Evening Glow in the Junggar Basin.

June 1, 2023.

An astronaut on board the International Space Station took this photograph of northwestern China on a partly cloudy evening (local time). This view offers a small glimpse of the Junggar Basin, a low-lying area between the Altay Mountains to the northeast and the Tian Shan range to the southwest. Sedimentary rock layers and geomorphic features characterize the Junggar Basin landscape.

This photo, taken around 9 p.m. local time (13:00 Universal Time) on June 1, 2023, shows the western sides of sand dunes illuminated by the setting Sun. The space station serves as a unique remote sensing platform for photographing Earth due to its inclined equatorial orbit. This provides opportunities for crew to take images during day or night, depending on the timing of the station’s orbit path over a given ground location. Astronauts can use varied lighting conditions to highlight features that may be more visible depending on the time of day—especially smaller features such as dunes. Clouds (out of view of this picture to the northwest) cast long shadows that further darken parts of the image.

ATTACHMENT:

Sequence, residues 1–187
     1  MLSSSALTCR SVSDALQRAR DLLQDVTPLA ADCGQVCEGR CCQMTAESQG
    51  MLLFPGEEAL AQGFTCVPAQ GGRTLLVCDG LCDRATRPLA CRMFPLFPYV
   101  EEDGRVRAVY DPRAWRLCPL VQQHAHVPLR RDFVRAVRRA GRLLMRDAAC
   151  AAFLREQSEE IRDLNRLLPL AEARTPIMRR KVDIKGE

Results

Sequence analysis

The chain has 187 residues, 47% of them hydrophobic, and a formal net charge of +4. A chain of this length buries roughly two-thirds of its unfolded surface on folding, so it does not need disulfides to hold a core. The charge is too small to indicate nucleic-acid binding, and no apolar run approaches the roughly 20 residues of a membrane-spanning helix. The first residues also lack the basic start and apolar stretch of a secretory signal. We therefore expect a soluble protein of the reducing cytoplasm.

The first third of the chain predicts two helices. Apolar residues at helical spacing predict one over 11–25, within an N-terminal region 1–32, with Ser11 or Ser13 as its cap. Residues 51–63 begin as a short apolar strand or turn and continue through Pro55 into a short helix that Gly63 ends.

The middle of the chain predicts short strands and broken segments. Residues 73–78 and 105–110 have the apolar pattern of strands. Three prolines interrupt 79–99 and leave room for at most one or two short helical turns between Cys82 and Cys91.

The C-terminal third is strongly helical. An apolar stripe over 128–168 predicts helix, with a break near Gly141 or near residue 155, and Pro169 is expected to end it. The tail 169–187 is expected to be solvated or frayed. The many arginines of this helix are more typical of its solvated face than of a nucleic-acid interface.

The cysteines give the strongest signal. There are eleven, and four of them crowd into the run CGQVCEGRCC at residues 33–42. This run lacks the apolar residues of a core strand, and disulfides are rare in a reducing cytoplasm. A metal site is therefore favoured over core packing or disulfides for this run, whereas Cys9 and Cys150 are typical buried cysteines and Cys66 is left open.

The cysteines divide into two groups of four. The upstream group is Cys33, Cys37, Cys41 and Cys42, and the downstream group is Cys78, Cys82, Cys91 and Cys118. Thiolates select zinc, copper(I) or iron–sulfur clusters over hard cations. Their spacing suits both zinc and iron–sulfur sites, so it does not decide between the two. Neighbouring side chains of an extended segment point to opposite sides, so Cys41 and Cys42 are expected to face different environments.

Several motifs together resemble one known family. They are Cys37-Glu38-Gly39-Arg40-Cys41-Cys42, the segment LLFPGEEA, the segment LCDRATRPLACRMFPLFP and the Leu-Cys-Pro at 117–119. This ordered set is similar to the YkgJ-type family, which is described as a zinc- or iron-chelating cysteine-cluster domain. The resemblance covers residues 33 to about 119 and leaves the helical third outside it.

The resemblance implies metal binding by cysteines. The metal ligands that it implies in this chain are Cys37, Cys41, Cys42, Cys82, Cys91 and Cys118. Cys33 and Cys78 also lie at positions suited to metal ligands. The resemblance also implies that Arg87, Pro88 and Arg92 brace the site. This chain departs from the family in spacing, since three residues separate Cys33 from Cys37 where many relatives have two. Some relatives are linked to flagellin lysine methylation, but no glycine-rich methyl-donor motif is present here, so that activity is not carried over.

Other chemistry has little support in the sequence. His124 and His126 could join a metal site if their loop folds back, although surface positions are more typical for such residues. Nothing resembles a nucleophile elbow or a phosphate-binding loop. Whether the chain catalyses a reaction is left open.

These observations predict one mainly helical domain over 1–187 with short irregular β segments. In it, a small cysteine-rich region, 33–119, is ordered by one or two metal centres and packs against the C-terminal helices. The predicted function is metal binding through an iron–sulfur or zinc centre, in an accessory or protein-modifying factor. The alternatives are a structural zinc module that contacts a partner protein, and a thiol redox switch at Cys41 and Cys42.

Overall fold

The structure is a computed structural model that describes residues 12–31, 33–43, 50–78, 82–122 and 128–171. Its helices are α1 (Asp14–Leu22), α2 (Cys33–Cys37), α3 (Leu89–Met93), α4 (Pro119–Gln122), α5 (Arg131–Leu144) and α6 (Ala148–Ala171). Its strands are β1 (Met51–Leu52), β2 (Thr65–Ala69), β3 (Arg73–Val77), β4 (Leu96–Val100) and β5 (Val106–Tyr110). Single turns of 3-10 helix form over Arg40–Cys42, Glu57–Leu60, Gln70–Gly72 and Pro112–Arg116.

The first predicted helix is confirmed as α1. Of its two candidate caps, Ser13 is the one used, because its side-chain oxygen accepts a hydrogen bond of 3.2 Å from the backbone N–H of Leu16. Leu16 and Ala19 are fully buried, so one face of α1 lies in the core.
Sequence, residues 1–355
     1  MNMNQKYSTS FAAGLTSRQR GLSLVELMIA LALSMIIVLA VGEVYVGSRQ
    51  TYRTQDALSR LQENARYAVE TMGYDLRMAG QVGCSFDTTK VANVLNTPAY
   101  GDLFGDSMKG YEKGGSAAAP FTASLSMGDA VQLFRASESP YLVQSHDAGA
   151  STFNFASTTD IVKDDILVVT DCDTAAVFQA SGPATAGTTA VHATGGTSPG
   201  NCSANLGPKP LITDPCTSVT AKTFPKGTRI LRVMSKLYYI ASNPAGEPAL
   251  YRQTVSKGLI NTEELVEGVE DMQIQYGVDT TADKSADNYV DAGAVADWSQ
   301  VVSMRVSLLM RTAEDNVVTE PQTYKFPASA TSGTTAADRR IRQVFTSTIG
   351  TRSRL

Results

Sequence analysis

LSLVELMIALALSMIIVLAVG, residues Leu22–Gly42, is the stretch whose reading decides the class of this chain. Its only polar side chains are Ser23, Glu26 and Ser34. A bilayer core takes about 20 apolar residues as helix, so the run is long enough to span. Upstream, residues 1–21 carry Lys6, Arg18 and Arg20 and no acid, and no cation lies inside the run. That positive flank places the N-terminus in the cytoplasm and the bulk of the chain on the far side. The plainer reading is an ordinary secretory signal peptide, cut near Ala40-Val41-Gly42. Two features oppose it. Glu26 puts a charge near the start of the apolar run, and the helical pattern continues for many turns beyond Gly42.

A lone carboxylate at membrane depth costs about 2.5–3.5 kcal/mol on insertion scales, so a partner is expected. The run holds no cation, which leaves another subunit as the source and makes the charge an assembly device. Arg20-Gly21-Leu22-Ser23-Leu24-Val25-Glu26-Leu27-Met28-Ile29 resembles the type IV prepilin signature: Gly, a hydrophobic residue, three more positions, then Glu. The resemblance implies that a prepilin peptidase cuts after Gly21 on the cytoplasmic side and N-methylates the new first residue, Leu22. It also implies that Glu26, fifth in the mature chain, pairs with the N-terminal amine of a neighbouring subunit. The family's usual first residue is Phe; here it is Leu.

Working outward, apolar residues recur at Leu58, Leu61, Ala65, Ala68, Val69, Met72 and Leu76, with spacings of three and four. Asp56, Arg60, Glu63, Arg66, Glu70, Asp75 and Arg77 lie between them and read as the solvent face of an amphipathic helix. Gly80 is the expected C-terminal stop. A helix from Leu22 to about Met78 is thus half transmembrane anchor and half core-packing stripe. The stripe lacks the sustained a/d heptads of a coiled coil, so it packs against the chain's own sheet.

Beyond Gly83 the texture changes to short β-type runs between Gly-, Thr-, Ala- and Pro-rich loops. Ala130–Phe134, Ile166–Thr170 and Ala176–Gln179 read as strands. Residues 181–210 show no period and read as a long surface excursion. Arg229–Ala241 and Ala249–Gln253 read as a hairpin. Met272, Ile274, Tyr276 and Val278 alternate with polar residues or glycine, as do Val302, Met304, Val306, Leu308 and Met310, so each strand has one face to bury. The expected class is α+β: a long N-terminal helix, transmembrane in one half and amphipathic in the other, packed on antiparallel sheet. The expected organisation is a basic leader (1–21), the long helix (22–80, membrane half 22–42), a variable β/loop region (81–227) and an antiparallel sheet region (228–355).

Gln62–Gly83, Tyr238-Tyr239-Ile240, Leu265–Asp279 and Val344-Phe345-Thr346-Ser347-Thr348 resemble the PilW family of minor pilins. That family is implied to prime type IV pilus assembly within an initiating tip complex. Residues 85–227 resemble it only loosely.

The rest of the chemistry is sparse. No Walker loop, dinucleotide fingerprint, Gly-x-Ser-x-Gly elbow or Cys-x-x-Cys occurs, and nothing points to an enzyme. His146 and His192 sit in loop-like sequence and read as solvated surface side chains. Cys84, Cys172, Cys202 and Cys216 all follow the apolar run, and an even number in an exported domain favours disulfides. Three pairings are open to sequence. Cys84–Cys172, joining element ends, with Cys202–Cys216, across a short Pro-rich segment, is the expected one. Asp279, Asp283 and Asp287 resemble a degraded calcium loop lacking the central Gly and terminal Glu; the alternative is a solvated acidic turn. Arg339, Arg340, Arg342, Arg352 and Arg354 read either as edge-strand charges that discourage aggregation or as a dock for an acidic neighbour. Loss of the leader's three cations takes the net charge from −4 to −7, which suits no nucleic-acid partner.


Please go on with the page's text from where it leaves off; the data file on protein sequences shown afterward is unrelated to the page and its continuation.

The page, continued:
The reddish ribbon across the middle of this photo marks a change in local topography. Uplifted, older sedimentary layers to the north—part of the Luliang uplift—slope down toward a geographic depression to the south. Eroded rocks have drainage patterns that lead to an ephemeral stream at lower elevations. On both the top and bottom of the photo, long sand dunes oriented north-south overlay the bedrock. Beneath the surface, organic-rich rock layers preserve fossils and contain extensive coal, oil, and gas deposits.

Astronaut photograph ISS069-E-16826 was acquired on June 1, 2023, with a Nikon D5 digital camera using a focal length of 400 millimeters. The image was provided by the ISS Crew Earth Observations Facility and the Earth Science and Remote Sensing Unit at Johnson Space Center. The image was taken by a member of the Expedition 69 crew. It has been cropped and enhanced to improve contrast, and lens artifacts have been removed. The International Space Station Program supports the laboratory as part of the ISS National Lab to help astronauts take pictures of Earth that will be of the greatest value to scientists and the public and to make those images freely available on the Internet. Additional images taken by astronauts and cosmonauts can be viewed at the NASA/JSC Gateway to Astronaut Photography of Earth. Caption by Andrea Wenzel/Jacobs-JETS II Contract at NASA-JSC.

Source, NASA.